198 transports carrying 16,000 men with regimental artillery and 36 field guns under the Duc de Richelieu. On 18 April, the French began to disembark, unopposed, at Ciutadella on Minorca and in two days the operation was completed. On 23 April, Commodore Edgcumbe’s small squadron of Princess Louisa (60), Portland (50), the frigates Chesterfield (44), Dolphin (24) and the sloop Porcupine (16), escaped from Port Mahon and sailed for Gibraltar. The battle between the fleets took place on 20 May and was inconclusive, but the state of Byng’s ships was cause for concern. He held a council of war on Ramillies on 24 May; the unanimous decision was taken to return to Gibraltar. Byng sent off his report to the Admiralty. The failure to hold Fort St Philip and Minorca caused public outrage amongst Byng’s fellow officers and the country at large. Byng was ordered to return to England. Upon landing on 19 August, Byng was sent to Greenwich. Here, he remained in confinement until 23 December, when he was transferred to Portsmouth. On 27 December 1756, Byng’s trial began on board the St George (96) in the harbour; it continued until 27 January 1757, when he was pronounced guilty of a breach of the Articles of War, which had recently been revised to mandate capital punishment for officers who did not do their utmost against the enemy, either in battle or pursuit. The Admiral was transferred to the Monarch (74), also in the harbour. On 14 March 1757, Byng was executed at Portsmouth, aboard that ship. The loss of Minorca gave control of the Mediterranean to France until 1763. British Order of Battle Admiral John Byng with eleven ships of the line and seven frigates. In order of their place in the line of battle: Defiance (60), Portland (50), Lancaster (66), Buckingham (68/70), Captain (64), Intrepid (64), Revenge (64), Princess Louisa (60), Trident (64), Ramillies (90) (flagship), Culloden (74), Kingston (60), Deptford (48), Phoenix (24), Fortune (14), Experiment (24) and Dolphin (22) Losses: 43 killed, 68 wounded French Order of Battle Marquis de la Galissonière with twelve ships of the line and five frigates. In order of their place in the line of battle: Orphée (64), Hippopotame (50), Redoutable (74), Sage (64), Guerrier (74), Fier (50), Foudroyant (80, flagship), Téméraire (74), Content (64), Lion (64), Couronne (74), Triton (64), Junon (42), Rose (30), Gracieuse (24), Topaze (24) and Nymphe (20) Losses: 38 killed, 115 wounded 8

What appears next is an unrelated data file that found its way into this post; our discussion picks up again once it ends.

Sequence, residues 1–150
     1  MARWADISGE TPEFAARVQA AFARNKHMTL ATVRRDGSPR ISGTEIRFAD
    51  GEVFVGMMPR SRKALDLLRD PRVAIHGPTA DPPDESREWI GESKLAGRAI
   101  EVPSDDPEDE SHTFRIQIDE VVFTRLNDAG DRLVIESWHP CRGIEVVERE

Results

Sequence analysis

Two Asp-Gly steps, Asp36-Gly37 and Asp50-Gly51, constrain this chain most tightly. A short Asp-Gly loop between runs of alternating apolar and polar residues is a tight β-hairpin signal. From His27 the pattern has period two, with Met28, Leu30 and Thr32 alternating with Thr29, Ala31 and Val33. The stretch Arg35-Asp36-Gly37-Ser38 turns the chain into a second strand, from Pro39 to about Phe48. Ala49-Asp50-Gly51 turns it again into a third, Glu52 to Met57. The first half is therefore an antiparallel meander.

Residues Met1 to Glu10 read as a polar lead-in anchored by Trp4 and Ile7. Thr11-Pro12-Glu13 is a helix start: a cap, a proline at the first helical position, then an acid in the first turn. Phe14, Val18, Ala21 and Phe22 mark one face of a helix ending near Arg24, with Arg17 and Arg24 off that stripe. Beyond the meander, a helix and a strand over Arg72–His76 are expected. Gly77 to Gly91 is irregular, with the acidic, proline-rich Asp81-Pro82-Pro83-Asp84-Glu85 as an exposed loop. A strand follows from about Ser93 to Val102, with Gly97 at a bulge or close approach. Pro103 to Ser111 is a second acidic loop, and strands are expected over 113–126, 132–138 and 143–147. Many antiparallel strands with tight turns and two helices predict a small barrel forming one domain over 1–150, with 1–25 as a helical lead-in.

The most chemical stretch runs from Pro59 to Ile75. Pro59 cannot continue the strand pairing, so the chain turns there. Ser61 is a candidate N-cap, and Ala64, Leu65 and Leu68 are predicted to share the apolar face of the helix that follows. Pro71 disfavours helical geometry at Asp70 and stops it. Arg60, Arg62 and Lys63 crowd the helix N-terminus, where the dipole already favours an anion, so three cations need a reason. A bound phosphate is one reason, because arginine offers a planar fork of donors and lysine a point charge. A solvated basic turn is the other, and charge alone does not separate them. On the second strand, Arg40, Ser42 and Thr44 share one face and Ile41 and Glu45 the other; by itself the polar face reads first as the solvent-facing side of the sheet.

Trooper of Prussian hussars, Freikorps von